|Can't read it, and weep|
More than a third of Oklahoma's public-school 4th graders cannot read at even a basic level. The numbers are even worse for minority students. Many of these children, thinking there's something wrong with them, will go through life with unspeakable distress. As their frustration mounts, many will slide into delinquent behavior. Many are destined for welfare or prison.
Illiterate children grow up to become illiterate adults. "More than 400,000 Oklahoma adults do not have the reading skills they need," according to the Oklahoma Department of Libraries. "That is one of every five adults."
After reviewing the most recent literacy data produced by the federal government, Martha Gregory, a researcher for the Tulsa City-County Library System, concluded that "the record for the nation is abysmal and we [Oklahoma] are for the most part in step." Fully 43 percent of Oklahoma's adult population reads at a 7th-grade level or lower. Appallingly, more than half of Oklahoma’s high-school graduates — and fully 13 percent of Oklahoma's college graduates — read at at a 7th-grade level or lower.
This massive failure is as unnecessary as it is heartbreaking. "To teach a child to read properly is not difficult," says education author Douglas Wilson. "Local education professionals have made it seem difficult, and the entire process has been shrouded with arcane professional terminology. But the only term that concerned parents need to know and understand is phonics."
"It's almost a sin what we're doing to our children," says phonics tutor Sylvia Brown, a former public school speech pathologist, assistant principal, and principal in Tulsa. "In my 30-some years of teaching, I have not met a child who couldn't read when we go to the basics and teach him his alphabet then teach him his sounds. I haven't met one yet. Maybe there is one out there on this planet, but I don't believe there is."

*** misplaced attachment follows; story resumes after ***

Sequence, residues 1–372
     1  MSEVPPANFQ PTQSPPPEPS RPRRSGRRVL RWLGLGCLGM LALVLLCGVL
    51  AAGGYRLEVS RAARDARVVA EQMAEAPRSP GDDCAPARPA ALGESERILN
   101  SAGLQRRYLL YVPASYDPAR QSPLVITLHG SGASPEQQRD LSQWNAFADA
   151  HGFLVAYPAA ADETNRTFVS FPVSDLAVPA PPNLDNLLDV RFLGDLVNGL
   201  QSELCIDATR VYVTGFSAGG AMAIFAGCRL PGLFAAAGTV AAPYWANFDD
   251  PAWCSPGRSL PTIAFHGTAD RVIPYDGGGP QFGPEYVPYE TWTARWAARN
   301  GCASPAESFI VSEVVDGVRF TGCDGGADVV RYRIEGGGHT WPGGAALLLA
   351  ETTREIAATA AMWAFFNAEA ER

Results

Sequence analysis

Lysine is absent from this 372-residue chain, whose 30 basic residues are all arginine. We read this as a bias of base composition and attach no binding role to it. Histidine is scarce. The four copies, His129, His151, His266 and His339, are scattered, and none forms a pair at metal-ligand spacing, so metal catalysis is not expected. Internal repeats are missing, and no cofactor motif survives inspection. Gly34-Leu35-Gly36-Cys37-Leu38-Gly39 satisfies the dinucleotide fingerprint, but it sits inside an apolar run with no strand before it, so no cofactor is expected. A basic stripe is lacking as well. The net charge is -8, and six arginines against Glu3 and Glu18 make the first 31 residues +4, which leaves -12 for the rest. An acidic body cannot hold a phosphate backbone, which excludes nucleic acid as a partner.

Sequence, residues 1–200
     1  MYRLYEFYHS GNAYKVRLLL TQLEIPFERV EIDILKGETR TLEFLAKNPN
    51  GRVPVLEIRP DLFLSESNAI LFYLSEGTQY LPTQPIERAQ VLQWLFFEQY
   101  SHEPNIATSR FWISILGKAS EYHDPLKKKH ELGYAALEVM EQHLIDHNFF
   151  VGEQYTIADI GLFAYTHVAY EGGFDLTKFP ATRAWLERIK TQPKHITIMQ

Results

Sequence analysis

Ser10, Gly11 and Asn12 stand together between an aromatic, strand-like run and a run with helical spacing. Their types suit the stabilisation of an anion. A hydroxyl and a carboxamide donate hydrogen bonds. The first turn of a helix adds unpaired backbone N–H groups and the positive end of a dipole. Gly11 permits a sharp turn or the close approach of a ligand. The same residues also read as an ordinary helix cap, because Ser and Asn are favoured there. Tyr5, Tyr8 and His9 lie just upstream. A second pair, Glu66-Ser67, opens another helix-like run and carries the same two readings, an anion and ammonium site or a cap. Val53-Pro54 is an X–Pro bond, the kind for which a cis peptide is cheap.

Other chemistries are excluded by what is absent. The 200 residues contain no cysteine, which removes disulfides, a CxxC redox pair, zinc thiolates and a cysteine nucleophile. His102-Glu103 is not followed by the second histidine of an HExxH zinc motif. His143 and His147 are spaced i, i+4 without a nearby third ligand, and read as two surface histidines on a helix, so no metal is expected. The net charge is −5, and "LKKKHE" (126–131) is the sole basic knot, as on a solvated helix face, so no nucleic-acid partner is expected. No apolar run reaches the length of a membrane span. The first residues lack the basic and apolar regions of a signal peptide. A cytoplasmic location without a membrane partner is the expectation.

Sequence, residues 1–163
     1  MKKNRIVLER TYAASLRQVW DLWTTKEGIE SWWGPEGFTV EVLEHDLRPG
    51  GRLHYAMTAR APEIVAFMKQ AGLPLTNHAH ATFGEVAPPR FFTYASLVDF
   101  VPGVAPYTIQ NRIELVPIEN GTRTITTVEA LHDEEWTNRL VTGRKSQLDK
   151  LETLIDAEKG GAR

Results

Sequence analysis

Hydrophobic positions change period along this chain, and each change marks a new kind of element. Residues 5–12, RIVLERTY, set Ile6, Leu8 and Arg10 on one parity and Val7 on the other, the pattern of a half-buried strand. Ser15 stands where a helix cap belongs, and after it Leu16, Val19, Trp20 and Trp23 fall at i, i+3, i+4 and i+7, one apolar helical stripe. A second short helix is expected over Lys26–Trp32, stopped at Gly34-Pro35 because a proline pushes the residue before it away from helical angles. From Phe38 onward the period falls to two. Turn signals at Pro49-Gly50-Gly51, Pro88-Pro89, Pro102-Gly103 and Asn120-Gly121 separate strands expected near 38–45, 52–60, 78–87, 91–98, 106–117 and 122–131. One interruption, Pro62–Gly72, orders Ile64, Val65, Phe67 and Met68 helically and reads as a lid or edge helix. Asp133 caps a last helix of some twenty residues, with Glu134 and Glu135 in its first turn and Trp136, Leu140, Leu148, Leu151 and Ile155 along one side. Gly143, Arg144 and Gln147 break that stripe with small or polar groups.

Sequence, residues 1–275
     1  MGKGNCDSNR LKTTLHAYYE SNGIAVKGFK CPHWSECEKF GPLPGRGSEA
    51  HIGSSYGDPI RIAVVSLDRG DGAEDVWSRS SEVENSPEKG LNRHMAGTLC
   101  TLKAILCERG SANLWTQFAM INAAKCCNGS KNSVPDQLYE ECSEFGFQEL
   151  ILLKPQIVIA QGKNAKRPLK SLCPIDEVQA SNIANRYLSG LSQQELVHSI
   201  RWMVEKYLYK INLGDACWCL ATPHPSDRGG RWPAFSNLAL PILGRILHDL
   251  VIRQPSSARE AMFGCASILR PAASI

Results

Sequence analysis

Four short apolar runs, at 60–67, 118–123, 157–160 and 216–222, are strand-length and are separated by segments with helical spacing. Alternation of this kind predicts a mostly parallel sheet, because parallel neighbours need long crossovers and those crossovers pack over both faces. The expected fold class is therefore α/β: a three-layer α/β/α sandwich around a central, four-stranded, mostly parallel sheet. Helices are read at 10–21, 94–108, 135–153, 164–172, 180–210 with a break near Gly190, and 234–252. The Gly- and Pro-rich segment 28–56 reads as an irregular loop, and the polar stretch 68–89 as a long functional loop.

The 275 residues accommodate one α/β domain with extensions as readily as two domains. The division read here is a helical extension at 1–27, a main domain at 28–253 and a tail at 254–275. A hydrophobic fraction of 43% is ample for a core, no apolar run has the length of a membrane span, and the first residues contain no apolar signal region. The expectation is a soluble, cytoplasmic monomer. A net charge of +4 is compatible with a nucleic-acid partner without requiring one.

Your child needs a strong foundation in phonics. He or she needs to be taught — in a direct, systematic, and intensive manner — how to match sounds with the letters that spell them.
In the words of world-renowned reading expert Siegfried Engelmann, professor emeritus of education at the University of Oregon: "If your child is not reading by the end of the first grade and is not retarded (IQ below 75), do not accept excuses that blame your child."
Do not allow your child to be a victim of a teachin' deficit disorder. He or she can learn to read. Excuses — such as "your child has a learning disability," "your child has emotional problems," "your child is dyslexic," or "your child just isn't ready" — are not acceptable.
What to Do
To find out how well your child can read, use this reading competency test.
If your child is in a public school and is not learning to read, you must ask the school to give your child a firm foundation in phonics.
Another option is to seek out a private school (though you'll want to make sure it's one that provides a firm foundation in phonics). If you can't afford the tuition, help is available:
- If your child is a special-education student — if he or she is on an individualized education program (IEP) — he or she is eligible to receive a Lindsey Nicole Henry Scholarship to attend a private school.
- Whether or not your child is in special education, you can apply for a private-school scholarship from philanthropic organizations such as the Opportunity Scholarship Fund, GO for Catholic Schools, the Catholic Schools Opportunity Scholarship Fund, or the Oklahoma Scholarship Fund.
[Cross-posted at Choice Remarks]
UPDATE: A high school English teacher at a top-ranked "Blue Ribbon School of Excellence" informs us that her high school juniors can't read.